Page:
Sunday, March 2, 2008

Waggle Dance

The waggle dance is how bees communicate with one another to share information to the location of a foraging source. The food source could be pollen, nectar, water and even place trees from which to make propolis. The dance is an effort to recruit other foragers so when they leave the hive they can make a beeline to the source without having to waste time searching themselves for some forage. The waggle dance is very complex for a human to understand but bees can comprehend the directions from it easily. The length of the dance, the speed, and movement of the returning forager on the comb all give the foragers being recruited information to the location of the resource. The "map" that is given by a dancing bee comprises of the distance and direction from the hive. The angle to the sun is used for direction and the bees change their dance through the day to compensate for the sun's movement thought the sky. To learn more about the waggle dance visit NOVA Online to view "Dances With Bees".

While looking in one of my colonies today I noticed a bee doing a waggle dance. After closer inspection of the dancing bee I noticed her pollen baskets had some pollen in them. This is the first sign of pollen that I have seen this year. Pictured below is a frame that has the dancing bee on it. It is the blurry bee. The camera wasn't fast enough for the movement of the waggle dance so the bee appears a little blurred. You really need to click on the picture to enlarge it to get a better view.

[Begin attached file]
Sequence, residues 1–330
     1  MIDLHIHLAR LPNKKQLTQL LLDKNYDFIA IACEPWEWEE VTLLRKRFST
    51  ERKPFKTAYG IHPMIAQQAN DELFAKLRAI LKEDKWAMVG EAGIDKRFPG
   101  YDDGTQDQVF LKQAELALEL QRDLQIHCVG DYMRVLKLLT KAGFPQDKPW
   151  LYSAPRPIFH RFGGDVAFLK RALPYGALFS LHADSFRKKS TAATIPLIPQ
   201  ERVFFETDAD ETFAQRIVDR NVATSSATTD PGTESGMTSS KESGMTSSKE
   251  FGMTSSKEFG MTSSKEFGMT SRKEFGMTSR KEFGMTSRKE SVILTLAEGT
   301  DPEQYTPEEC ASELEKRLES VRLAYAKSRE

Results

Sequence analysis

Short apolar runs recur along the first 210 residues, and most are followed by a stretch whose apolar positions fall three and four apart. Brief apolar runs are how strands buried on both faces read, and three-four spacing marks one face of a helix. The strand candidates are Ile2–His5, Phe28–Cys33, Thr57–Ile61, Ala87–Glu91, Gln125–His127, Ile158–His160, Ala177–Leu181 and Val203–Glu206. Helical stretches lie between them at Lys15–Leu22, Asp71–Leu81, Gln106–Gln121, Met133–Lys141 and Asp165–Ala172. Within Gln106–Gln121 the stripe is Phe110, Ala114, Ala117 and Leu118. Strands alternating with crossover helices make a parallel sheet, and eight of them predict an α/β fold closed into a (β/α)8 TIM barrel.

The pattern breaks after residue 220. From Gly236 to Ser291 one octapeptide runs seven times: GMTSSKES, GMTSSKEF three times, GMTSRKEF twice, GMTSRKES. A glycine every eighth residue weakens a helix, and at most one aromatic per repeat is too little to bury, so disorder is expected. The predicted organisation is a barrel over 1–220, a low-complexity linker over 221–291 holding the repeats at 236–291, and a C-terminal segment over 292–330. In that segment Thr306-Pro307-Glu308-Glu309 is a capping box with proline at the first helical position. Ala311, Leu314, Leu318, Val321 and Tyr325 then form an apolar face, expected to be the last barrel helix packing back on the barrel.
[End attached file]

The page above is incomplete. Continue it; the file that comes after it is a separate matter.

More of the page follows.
What I like about the picture is the five bees crowded together directly behind the dancing bee as in they are there in an effort to observe the waggle dance to get the directions. You can also see the yellow pollen on the dancing bee's hind legs if you look close enough.

In this next picture you can see by the blur that the dancing be is really getting with it. It looks like she is swinging her abdomen out farther in this picture. The other bees had to move out her way and are watching her from the side now too.

I put out some syrup feeders in the yard yesterday for some communal feeding. I also put out some dry pollen substitute. I have read that dry feeding pollen substitute will encourage or stimulate bees to gather pollen. From what I observed yesterday I can say this is true. While I was walking around the yard there were little powdered bees everywhere that were hovering low to the ground. I believe they were looking for flowers to gather pollen from because they looked just like they do in the summer when working the clover. They have not acted this way before I put the dry pollen sub out for them, or at least since last fall. It seems that one of the bees were stimulated enough to go out and bring in some natural pollen.

Thanks to the waggle dance I now know I have some pollen in the area for my bees. And thanks to you all of you who read my posts and click on the advertisements, I am a little bit closer to being able to get the new camera I need so I can take higher quality pictures to put on here for you to see. So thank you and give me a click so we can have some better pictures sooner.

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